I guess it really would depend on the nature of the show, if you look at shows like master chef (which coincidently, contestants are also competing for a book deal among other things), I really believe that they aren’t trying to edit and make people look bad, it’s just what it is, but then it could turn into a show where yes, there is embarrassment, arguing, revelation of personal habits when writing. So I think it’s best to stay away maybe? I think it would feel better to get a book deal on your own merits rather than on a reality show any ways, as they might be judging you on other things (i.e how interesting you are to watch on tv rather than your writing) and one might question the authenticity of the winner. What a great post btw!

  3. If you behave like a jerk when writing, that would be exactly what the producers would be looking for. If they get a cast of people like that, the show might be a success, since jerks get the ratings.
    I still wouldn’t watch that – but only because I don’t watch reality shows in general.

  4. I don’t watch it (honest), but it seems like all those couples on the “Bachelor” shows end up splitting up anyway. I think it would be devastating to win, then not get published for one reason or another. btw, for what’s it’s worth, it seems to me that most authors get cranky when they work, it’s part of any creative process

    • Ugh, that WOULD be the worst, to win and not get published, or to win and then the book fizzles (and then the 6th place contestant or some writer that the judges impugned has the smash hit best-seller and wins a bunch of literary prizes). If that last part happened, the show might actually be worth watching.

  5. Writing with a camera in your face sounds like a sweet ride. I’ll bet the most arguments are between writers and camera crew. Somebody might even get stabbed. I’m rather the same as you are, in that I generally shy away from the limelight in a public and/or filmed for television setting, but if some dude with a gigantic lens attached to his face wouldn’t back the hell off when I was writing there’d be hell to pay. Maybe they think the best literature is anger driven and they’re trying to forge dark diamonds under a mountain of hate.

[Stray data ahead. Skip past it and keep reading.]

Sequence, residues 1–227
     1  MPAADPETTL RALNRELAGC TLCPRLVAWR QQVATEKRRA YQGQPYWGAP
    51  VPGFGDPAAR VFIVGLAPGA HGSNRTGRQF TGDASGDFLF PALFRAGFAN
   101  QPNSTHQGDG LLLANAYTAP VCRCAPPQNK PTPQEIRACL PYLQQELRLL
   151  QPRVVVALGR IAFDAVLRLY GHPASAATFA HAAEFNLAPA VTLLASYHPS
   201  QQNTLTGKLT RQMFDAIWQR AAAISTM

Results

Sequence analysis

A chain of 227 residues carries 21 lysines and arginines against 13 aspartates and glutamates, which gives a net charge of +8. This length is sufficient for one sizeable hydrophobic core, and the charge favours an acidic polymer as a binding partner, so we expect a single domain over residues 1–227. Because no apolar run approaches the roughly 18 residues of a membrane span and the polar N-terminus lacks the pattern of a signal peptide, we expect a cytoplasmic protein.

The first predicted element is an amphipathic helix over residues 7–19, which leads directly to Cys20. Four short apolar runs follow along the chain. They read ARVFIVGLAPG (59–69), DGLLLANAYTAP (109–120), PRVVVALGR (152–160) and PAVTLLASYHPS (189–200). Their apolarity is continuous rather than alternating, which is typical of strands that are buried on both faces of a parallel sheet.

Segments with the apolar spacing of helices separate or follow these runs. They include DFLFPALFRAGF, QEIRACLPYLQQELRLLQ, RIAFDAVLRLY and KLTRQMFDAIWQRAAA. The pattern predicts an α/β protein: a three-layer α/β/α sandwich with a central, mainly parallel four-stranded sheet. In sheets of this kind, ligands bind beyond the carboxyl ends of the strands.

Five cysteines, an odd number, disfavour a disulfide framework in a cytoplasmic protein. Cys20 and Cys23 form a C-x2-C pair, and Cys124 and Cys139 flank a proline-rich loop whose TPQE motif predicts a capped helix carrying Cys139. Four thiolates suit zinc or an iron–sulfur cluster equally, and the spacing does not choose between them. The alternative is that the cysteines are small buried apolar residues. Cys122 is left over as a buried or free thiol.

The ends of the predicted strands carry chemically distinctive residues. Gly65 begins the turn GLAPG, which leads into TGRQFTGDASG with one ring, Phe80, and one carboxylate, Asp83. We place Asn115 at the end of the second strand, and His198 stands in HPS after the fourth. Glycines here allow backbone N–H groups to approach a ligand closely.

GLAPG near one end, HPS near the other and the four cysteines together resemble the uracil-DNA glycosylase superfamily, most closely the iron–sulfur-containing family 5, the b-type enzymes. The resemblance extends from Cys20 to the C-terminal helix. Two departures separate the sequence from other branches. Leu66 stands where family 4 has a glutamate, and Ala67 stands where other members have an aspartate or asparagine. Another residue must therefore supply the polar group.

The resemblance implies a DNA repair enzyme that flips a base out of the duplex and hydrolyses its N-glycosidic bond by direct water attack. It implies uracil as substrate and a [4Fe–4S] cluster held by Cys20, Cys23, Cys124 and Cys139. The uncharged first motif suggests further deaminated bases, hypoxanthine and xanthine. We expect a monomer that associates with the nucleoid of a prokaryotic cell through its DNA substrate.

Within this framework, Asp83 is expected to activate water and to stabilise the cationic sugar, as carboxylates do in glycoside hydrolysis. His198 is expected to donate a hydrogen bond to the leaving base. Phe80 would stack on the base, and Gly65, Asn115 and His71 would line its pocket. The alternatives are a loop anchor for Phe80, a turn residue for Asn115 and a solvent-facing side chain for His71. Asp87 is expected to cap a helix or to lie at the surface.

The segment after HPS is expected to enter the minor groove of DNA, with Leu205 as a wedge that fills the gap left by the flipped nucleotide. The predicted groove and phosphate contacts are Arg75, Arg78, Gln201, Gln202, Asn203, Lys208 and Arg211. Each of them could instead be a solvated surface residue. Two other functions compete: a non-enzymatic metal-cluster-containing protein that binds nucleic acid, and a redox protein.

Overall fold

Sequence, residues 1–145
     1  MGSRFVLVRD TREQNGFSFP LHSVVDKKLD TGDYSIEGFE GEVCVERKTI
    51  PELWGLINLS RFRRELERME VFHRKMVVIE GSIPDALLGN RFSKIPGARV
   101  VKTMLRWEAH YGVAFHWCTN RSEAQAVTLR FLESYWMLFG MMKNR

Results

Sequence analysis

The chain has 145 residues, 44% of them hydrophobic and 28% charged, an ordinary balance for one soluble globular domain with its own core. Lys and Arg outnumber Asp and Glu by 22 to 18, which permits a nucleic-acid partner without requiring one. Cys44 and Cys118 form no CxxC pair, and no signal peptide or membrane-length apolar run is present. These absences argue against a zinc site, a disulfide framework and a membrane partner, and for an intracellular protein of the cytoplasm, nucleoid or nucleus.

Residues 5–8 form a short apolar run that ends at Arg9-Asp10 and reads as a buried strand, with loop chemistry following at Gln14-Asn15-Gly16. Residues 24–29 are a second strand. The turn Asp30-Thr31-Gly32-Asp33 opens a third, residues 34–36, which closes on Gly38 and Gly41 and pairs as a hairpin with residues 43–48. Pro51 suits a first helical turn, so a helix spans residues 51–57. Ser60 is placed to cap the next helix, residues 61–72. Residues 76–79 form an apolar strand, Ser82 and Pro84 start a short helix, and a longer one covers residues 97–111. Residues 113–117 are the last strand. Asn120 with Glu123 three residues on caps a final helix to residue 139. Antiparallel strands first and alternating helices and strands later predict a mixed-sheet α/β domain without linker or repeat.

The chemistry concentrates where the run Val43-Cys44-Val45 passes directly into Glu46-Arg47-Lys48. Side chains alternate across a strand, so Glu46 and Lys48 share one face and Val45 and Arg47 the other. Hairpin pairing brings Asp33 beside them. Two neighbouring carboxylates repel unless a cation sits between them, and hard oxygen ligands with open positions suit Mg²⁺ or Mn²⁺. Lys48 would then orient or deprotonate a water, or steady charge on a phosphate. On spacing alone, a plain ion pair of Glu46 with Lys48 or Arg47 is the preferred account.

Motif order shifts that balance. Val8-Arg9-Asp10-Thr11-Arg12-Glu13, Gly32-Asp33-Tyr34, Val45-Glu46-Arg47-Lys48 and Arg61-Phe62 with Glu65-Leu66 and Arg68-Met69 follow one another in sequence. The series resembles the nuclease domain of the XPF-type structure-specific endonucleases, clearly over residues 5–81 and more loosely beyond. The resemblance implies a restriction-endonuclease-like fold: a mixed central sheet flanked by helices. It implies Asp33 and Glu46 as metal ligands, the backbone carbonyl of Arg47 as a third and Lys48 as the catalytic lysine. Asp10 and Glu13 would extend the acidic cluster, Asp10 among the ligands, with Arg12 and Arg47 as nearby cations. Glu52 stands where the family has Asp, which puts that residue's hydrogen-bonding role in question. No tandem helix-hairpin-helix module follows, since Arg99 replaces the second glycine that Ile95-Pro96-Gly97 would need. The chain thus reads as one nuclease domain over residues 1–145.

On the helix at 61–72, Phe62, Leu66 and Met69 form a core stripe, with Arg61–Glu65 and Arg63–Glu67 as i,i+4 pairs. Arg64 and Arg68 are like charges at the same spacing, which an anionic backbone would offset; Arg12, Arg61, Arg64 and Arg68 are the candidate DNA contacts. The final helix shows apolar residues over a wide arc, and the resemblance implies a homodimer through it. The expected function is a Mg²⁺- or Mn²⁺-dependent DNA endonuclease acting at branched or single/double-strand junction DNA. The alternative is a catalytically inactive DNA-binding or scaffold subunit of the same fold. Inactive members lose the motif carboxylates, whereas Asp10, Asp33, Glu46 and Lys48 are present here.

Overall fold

6. About ten years ago there was a very similar show on American television called “Project: Greenlight” which was a screenwriting competition with the winner having the film produced. It didn’t do very well. The second season is the only one that produced a watchable film, in my opinion, “The Battle Of Shaker Heights” with Eldon Hanson and Shia LaBouf.

    My ex-wife and I made it to the final round in the third season, before being beaten by a horror parody called “Feast”.

  7. I don’t think a Writer reality show would go very far. Half of the time most of the contestants would be too drunk to argue, much less write. And the other half of the time the arguments would drive them to drink.

  8. Thanks for sharing your thoughts, I found that very interesting! Particularly as I just watched Masterpiece (on RAI 3) last night (I live in Italy and speak Italian) and blogged about it today.

    Quite frankly, I thought it was good and great fun to watch. It still needs improvement, especially the first part. But watching the writing process was simply fascinating. There was quite a bit of suspense, some tears and some running around, but nobody was drunk or driven to drink. The third part of the show, the famous “elevator pitch” was well done, it really worked, both visually and content-wise. You suddenly got an amazingly clear idea of what kind of book this guy and gal had written (it was a man in his thirties and a woman in her fifties).

    • Thank you for providing some insights about the show. From what you’ve said, maybe I’m wrong about the whole thing. Do you think the show appeals to non-writers? Is there any arguing or humiliation or people acting outrageous just to get attention? How does the show portray the writing process?

  9. I think it’s a legitimate foundation for a show, but I’d rather walk bare foot across glass in Death Valley than be on a reality show for my writing. I’ve twice been recruited for reality shows one for a show about Stay at Home Dads and one for my former private detective business. After talking with the producers, I thought I would never get clean. To me, they are definitely not worth the intrusion into your life from any angle at all. Great post.

  10. A reality show that hinges on a final product (book, painting, etc.) and it’s involving writers nursing their creations probably wouldn’t fly off the ground very far:

    Writing is such a solitary, cerebral activity. Even critiquing each other’s work won’t have meaning if audience has not read the creative works.

    Most writers aren’t on-screen “entertainers” or actors/actresses which the latter you need for draw a tv screen audience.